To be clear, this is not an indictment of video games. Even the crappy ones. Games are terrific, and we all culturally richer for having and playing them. But their community – either intentionally or by happenstance – is a liability that drives off the curious and discourages the enthusiastic. We should always work to make gaming a more welcoming place for different people, perspectives, and ideas.
So how does this affect The Obscuritory? It’s simple: I want this blog to bring more love, enjoyment, and acceptance to gaming.
Back in high school, I wrote an article for the school paper about Mass Effect. A non-game-playing friend of mine took great interest in it, but they seemed lost by the phrase “third-person squad-based shooter.” There are all sorts of little vocabulary tics and behavioral patterns that we don’t realize turn off the uninitiated. Since that article, I have always attempted to write in a straightforward, approachable style, but I will now recommit to writing in a style that’s approachable by anyone. You can read terrific articles about film and television without having to know the exact parlance and machinations of those industries, and it should be the same for games.
I’m also committing to a heightened awareness of some of the social elements presents in the games I review. The presumed straight-white-male audience of games often leads to some undesirable content and messages that make games uncomfortable to new players. If we want games to be more accessible, we should deal with their implied or explicit politics. This blog primarily looks at games from the 80s and 90s, so it’s impossible and exhausting to chronicle every time women or minorities are treated poorly. And that’s not the goal of this blog. But when games like Noctropolis treat women like foreign objects, it’s in the interest of diversity and inclusion that I call them out. I also find it important to spotlight the achievements of outside voices, and the world of obscure games is full of them.
But most importantly, I am doubling down on how much I want to write about the weird and the niche games of yesteryear. There is no better way to push back against intolerance and dismissiveness than sincere curiosity and excitement. I want to live in a world where people love talking about interesting and unusual games, where they share their experiences and open each others’ eyes to new ideas and perspectives. I started this blog because I wanted to explore oddball forgotten games, and I still think that digging up old gems is its own reward. But after six years, I now realize how much constructive and positive discussion can be generated through this uncharted territory. When we expand the discourse of gaming, it brings in new ideas, original voices, and intrigued audiences. It benefits everyone. Angst: Rahz’s Revenge is a very very very bad game, but I have hilarious, fond memories of discovering and playing it. I would gladly share a million Angst: Rahz’s Revenges rather than see gaming languish in a closed system of discontent, bitterness, and exclusion.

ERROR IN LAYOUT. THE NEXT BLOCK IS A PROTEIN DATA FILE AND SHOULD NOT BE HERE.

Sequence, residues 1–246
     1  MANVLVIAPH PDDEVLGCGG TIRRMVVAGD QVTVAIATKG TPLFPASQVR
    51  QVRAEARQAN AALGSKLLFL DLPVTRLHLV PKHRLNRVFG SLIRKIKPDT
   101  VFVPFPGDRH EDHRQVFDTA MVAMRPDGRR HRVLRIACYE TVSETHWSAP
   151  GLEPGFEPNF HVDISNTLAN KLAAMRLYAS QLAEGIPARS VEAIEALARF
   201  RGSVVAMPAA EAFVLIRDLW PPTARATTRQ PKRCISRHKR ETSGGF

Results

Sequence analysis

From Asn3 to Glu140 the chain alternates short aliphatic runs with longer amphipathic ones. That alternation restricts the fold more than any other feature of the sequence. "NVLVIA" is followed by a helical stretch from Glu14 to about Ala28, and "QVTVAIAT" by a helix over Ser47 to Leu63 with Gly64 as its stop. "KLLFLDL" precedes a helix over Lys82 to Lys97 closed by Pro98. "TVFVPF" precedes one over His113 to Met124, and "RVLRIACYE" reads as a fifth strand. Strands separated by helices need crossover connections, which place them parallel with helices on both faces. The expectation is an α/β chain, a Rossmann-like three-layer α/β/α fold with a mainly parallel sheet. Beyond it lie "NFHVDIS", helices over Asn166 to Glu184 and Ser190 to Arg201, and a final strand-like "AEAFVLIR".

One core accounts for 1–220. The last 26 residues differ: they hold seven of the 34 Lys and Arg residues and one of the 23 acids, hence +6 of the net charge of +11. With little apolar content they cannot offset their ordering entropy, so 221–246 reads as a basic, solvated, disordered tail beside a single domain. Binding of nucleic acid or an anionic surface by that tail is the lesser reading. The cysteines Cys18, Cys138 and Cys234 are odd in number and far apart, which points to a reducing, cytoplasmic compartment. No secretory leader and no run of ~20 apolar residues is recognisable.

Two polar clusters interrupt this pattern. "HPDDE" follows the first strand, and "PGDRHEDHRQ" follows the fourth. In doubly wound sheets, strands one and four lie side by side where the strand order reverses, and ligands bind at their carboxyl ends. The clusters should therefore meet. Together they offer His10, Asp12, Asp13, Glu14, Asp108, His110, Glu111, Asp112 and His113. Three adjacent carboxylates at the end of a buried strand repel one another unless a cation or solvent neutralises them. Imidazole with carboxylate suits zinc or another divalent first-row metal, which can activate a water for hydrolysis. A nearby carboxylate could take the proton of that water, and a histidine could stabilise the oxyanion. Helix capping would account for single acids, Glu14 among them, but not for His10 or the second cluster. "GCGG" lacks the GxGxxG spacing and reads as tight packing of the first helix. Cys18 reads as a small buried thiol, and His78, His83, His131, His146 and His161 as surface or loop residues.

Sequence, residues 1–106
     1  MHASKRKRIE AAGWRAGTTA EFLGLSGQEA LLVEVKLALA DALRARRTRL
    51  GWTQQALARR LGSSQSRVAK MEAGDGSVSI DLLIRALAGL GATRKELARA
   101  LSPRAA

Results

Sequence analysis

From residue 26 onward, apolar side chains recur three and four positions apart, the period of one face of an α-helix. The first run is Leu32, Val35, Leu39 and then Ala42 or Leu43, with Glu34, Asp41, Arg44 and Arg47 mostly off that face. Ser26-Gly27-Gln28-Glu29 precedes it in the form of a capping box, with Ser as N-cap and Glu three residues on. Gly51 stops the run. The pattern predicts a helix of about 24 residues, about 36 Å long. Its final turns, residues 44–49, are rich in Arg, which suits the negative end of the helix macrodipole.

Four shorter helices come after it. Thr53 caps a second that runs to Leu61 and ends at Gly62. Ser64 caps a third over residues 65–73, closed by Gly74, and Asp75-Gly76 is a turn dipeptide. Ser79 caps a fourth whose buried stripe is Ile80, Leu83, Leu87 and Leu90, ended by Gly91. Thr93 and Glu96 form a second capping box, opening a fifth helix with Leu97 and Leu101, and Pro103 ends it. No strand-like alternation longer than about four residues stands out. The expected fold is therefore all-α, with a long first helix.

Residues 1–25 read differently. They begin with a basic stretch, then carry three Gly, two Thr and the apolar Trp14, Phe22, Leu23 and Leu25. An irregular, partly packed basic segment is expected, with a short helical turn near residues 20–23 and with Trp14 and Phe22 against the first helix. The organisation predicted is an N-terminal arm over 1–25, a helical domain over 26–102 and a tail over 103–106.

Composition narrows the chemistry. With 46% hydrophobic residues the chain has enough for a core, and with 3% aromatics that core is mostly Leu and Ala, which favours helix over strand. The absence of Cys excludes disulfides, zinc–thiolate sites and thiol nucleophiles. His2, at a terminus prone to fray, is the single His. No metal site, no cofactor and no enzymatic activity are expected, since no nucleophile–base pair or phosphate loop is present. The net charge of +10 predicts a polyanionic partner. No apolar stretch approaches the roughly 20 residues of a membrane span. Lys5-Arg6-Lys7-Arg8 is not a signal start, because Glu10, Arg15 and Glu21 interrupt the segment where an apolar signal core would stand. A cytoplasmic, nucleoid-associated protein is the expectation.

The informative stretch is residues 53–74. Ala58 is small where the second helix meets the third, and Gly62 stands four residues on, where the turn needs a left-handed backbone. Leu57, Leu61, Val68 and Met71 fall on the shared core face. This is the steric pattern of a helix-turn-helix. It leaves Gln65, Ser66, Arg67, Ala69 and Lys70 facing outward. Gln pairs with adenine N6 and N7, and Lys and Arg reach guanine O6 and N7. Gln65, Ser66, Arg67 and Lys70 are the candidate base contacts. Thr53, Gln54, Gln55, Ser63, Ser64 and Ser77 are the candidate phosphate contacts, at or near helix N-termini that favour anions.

If you find yourself in that part of the gaming community that thrives on outrage and shoos off perceived outsiders, I implore you to step back and please think about the harmful impact that your words and behavior can have, intentionally or unintentionally. Nothing can be gained from hating games, game players, or developers. No good comes from closing games off with shibboleths and litmus tests. But if you truly believe that gaming is better off in a state of perpetual cynicism, that anger and entitlement are the best engines to power communities, and that women and other minorities do not have meaningful perspectives on the gaming discourse, then I do not want your readership. Gaming’s cultural echo chamber is toxic and, frankly, not reflective of how the world works. Every game has something to offer, and every person has unique viewpoints, perspectives, and experiences that should be celebrated. Having fun with unknown games is my way of saying yes to variety, inclusion, and positive spirits.